Sunday, 22 August 2021

Convolvulus Hawk-moth...at last!

I've been wanting to see a Convolvulus Hawk-moth for aaaaaages and I'll warn you now that this blog post will contain a lot of love and appreciation for that very beast of a Moth!

It's one of those that I've looked at in the books and thought: yes please! As a species, it's a migrant but not a rare visitor by any means, with many of these mini missiles cruising over the Channel to our little island every year. There's been the odd opportunity where I could've twitched one but have always declined. To me, this one deserved more than that and I really wanted to be able to add it do the garden list as a landmark 10th Hawk-moth species seen here.

Side note - if you're interested in what the other 9sp are, they are:

  1. - Privet
  2. - Eyed
  3. - Poplar
  4. - Pine
  5. - Lime
  6. - Elephant
  7. - Small Elephant
  8. - Hummingbird
  9. - Broad-bordered Bee

Leaving it to light trap and lady luck may have payed off eventually but it's no secret that Nicotiana 'Tobacco' plants are the way to go and known to be a favourite of the mighty Convolvulus so that would be the way to go. Jumping back a few years ago and a handful of Tobacco plants from the local nursery had peaked and died off long before the end of Summer - fail.

Following year - more of the same but introduced to the garden later and same - fail.

Last year, 2020 - time to sow my own Nicotianas from seed and get them flowering later into the year. No luck. Rubbish. To add salt to the wound, my wife was working barely 2 miles from home and after a long weekend, she returned to work, to colleagues showing her photos of a "massive Moth" that'd been on the outside wall for 3 days straight and guess what it was...yep. Convolvulus! Close but no cigar - fail.

2121 - right. Got this. The local nursery didn't have the colour mix plants we were after so had to settle for the white ones. Turned out to be a good move, they are triffids! Over 6ft tall, still flowering and a strong scent that fills the garden. That, along with a million of the different coloured ones which we'd sowed from seed, cared for like babies and painstakingly split into individual pots and fed regularly with Tomorite, the garden is as full as can be with amazing Nicotiana's. Looking like we've nailed it this year, I quietly thought to myself...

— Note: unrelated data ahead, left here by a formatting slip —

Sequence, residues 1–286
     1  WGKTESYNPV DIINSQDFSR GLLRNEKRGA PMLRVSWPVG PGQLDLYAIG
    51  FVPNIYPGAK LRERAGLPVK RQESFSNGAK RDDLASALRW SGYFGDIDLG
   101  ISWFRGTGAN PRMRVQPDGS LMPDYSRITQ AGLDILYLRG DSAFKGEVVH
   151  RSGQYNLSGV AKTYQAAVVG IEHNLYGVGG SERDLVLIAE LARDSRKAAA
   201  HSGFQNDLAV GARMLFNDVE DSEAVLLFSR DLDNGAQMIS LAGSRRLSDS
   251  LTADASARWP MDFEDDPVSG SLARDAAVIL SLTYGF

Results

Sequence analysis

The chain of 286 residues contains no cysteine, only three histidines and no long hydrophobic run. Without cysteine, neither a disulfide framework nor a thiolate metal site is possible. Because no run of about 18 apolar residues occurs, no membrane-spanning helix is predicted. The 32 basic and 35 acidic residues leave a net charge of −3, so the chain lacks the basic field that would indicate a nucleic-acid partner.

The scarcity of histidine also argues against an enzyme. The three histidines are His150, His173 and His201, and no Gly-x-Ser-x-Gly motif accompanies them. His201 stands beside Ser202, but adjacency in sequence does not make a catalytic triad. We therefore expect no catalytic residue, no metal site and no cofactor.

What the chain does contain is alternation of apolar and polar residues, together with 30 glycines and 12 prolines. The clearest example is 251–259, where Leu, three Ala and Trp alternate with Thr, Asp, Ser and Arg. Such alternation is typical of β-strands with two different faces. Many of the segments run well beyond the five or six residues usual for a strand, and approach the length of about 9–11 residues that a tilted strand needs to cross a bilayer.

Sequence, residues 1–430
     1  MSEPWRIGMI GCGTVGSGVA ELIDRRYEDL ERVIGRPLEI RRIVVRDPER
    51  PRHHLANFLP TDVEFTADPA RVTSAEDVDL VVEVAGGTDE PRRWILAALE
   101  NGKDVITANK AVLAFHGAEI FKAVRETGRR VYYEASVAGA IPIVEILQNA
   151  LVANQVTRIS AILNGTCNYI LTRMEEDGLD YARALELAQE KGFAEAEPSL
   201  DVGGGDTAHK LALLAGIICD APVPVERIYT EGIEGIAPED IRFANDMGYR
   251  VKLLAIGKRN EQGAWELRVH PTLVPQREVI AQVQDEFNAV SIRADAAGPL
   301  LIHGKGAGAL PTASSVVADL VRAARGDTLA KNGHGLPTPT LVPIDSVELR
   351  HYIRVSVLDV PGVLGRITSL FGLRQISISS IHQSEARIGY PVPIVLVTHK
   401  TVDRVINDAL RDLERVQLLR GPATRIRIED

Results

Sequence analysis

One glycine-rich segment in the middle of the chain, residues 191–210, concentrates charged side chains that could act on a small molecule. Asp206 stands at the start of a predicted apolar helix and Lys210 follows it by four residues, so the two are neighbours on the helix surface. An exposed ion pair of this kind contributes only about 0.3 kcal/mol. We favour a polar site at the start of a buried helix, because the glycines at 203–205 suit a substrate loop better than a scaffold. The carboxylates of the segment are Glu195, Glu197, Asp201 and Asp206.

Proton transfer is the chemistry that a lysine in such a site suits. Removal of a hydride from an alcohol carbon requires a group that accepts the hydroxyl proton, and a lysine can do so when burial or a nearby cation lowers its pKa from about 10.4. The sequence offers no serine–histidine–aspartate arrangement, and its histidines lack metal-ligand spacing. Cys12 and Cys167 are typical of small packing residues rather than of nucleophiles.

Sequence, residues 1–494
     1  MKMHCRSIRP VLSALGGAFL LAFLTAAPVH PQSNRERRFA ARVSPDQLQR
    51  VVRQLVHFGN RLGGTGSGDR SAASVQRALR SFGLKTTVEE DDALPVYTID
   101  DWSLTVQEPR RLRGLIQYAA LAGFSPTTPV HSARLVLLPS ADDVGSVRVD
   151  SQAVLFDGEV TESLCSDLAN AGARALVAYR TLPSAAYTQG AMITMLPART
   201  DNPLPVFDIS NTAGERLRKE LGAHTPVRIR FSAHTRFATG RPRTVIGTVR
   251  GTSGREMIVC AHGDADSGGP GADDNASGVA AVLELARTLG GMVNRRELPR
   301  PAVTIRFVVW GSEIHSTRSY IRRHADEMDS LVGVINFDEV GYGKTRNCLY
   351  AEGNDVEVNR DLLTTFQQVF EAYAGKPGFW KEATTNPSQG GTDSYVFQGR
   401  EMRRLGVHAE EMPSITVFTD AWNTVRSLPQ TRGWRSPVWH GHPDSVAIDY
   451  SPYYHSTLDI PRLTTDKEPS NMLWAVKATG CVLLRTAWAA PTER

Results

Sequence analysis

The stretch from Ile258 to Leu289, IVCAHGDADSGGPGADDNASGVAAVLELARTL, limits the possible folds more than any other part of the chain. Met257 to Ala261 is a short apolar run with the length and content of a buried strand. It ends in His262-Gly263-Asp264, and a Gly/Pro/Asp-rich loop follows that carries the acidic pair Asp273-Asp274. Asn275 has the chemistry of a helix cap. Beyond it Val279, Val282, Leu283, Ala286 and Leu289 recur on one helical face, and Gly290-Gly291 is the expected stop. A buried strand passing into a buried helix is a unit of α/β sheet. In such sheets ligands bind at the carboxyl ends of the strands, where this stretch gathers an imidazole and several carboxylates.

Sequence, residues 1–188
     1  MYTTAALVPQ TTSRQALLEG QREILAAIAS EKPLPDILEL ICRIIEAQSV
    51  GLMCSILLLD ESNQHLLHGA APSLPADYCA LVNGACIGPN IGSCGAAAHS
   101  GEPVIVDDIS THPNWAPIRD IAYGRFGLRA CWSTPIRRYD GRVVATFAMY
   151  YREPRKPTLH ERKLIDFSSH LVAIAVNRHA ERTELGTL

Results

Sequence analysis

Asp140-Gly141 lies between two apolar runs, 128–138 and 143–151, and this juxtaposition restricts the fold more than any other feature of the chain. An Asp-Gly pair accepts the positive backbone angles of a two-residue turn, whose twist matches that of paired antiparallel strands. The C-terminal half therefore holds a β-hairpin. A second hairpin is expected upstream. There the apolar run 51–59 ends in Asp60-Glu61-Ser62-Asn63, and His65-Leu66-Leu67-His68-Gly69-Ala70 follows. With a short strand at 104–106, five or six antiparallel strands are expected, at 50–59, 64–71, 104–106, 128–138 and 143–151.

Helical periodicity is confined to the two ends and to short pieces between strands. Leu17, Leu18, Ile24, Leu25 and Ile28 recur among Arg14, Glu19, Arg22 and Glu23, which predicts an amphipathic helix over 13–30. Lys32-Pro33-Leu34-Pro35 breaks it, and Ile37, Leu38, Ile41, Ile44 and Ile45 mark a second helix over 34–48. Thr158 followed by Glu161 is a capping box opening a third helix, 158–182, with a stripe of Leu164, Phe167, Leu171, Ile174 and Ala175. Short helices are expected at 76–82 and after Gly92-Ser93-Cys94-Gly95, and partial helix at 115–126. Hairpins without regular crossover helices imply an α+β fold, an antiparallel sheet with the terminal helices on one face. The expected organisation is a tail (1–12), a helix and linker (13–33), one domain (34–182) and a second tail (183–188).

Fast forward to last night (21st Aug), the trap in our small garden was switched on at dusk and the optimistic forecast of Steve Nash (@MigrantMothUK on Twitter) was ringing in my ears as darkness claimed the sky.

2115hrs and I go outside to fetch something from the outhouse. A flash catches my eye as it darts from right to left beyond the back fence of our garden. Must've been a bird, I thought. Moments later and the UFO was patrolling up and down the side fence, up high and again, beyond our fence, out of reach and over the neighbours garden. "That ain't no bird!" I didn't realise how big the eyes were on these beasts and the shine it throws back from my headtorch is like it is equiped with two headlights. Wingspan wise, you could've been forgiven for thinking a big, female Privet Hawk-moth in flight but there was no mistaking the mahoosive body this thing had. I was awe-struck as it got closer and closer until it was right in front of us, 3ft away and 2ft off the ground, deciding which of the most pampered Tobacco plants in the world it was going to feed on. The proboscis was unbelievably long and seemed to be longer than the Moth itself, but I was too excited in that moment to gauge an accurate measurement!

Having already called for backup, my Wife was keeping eye while my Son ran for a net. They both knew what it meant to me and had also invested a lot of time to help Dad with his crazy Moth plans and there we were, all stood watching this impressive bohemeth of a Moth hover like a Hummingbird in front of flower heads. The pressure was now on that I didn't get out for a duck with the net... Swipe. Big pot. Secured. A Convolvulus Hawk-moth in my hand!

Now I know I've gone all gooey with the story of this Moth and I'll take the ribbing for that, but it is a little bit more than that. It's about Mothing as a whole. After 10+ years Mothing, 1000+ species seen, it still only takes one Moth to make the night and I still get that kid at Christmas excitement when seeing something new. That's why Mrs K says it's more than a hobby - it's my passion. I think she's right..

(alongside a Large Yellow Underwing for scale)




those eyes!



Saturday, 12 June 2021

Welcome to the World, little Coleophora laricella!